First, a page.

As Andrew Ng, chief scientist at Chinese e-commerce site Baidu, puts it: “There’s a big difference between intelligence and sentience. Our software is becoming more intelligent, but that does not imply it is about to become sentient.”
Science and technology advancements always come with pros & cons. Like two sides of a coin, the fire that cook food can also burn down the house. With more and more machines replacing the physical job and getting over unskilled jobs, we will get more time to focus on exploring and elevating activities that bring us joy and satisfaction.
As IBM’s head of research, Guru Banavar, mentions, “AI will work with humans to solve pressing problems such as disease and poverty.”
Being a human is more than playing a game of chess or developing a skill like putting a hammer to the metal. We humans will still have plenty to do: for an instance painting a masterpiece or composing soulful music.
While discussing the technology and its implications on human life as species, we have always feared automation and then eventually accepted it. Although technology advancement may seem turbulent, we are living at the best time in human history where wonderful things are happening. We as species possess the strong human spirit and collective ability to adapt and grow.
I completely agree with this view of Kasparov as he urges us to not to hinder progress or fear machines: “We must speed them up. We must give them, and ourselves, plenty of room to grow. We must go forward, outward and upward.”
“So, I want all the people reading this article here to think that whether you want to live the rest of your years fearing the machines or be a part of a new day that is on the horizon! We are at the door of this unique opportunity to grow and evolve and it will be because of a lot of magnificent people like you, and some pretty incredible men who take us to the time where humans have never been taken before. Are you ready?”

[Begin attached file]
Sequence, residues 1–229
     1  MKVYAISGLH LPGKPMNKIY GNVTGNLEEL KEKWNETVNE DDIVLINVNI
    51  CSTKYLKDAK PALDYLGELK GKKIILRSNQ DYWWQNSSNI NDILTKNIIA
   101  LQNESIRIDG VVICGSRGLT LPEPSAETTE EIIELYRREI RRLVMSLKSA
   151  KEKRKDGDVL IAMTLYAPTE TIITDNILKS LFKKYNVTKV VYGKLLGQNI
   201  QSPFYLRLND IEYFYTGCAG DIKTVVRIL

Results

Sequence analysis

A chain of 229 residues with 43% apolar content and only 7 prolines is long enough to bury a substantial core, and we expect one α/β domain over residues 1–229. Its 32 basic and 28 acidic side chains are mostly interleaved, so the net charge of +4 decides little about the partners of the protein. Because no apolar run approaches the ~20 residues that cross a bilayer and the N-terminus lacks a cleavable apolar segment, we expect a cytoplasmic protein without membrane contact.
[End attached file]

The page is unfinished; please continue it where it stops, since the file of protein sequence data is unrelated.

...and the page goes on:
Understanding the Fight Against Facial Recognition
The growth of Clearview AI as a startup focusing on facial recognition is momentous. That could be largely linked to their alliance with law enforcement agents that are using the platform widely. While there exists little to no regulation around how this kind of tech is used, that has not stopped business from booming for all the parties involved.
There are outcries against the privacy invasion that comes in the way of facial recognition too. Recently, a hack of the company brought fresh debates to the fore about how safe facial data can be when with keepers like that – and how such data will also be used.
Facial Recognition Isn’t Your Friend
Surveillance has always been a touchy subject. So that the state does not go beyond reasonable means in surveilling an individual, certain laws and regulations were made. This requires that even law enforcement agents obtain permission from the judiciary arm of government before they can put anyone under surveillance.
Even at that, this surveillance has to be proportionate.
None of such moves has been placed around facial recognition. Not on a large scale, at least.
Before the Clearview AI hack was reported, the company admitted to having more than 3 billion faces on record. That is more than a third of everyone on the planet as of this moment. Seeing as many countries have not even heard of the company, that is shocking that they would have that many faces on file.
Official statements from the company claim that it mines data from social media networks and other open-source platforms for its database. In other words, they can collect picture you posted on the internet to populate a database of facial recognition technology. The important part of this business is remembering that all of this is done without your giving them any express permission to take such advantages of your image rights.
Social media platforms like YouTube, Google, and Facebook have already reached out to this company with a cease and desist. That is a laudable move to protect users, but we are just seeing one side of a bad coin. Facebook itself runs in-house facial recognition software which you have to manually turn off.
Recalling how many scandals Facebook has gotten into in the previous decade alone, we do not know if they would honor any privacy requests from the users. Thus, those pictures you removed facial recognition access from could still be in the system for all that we know.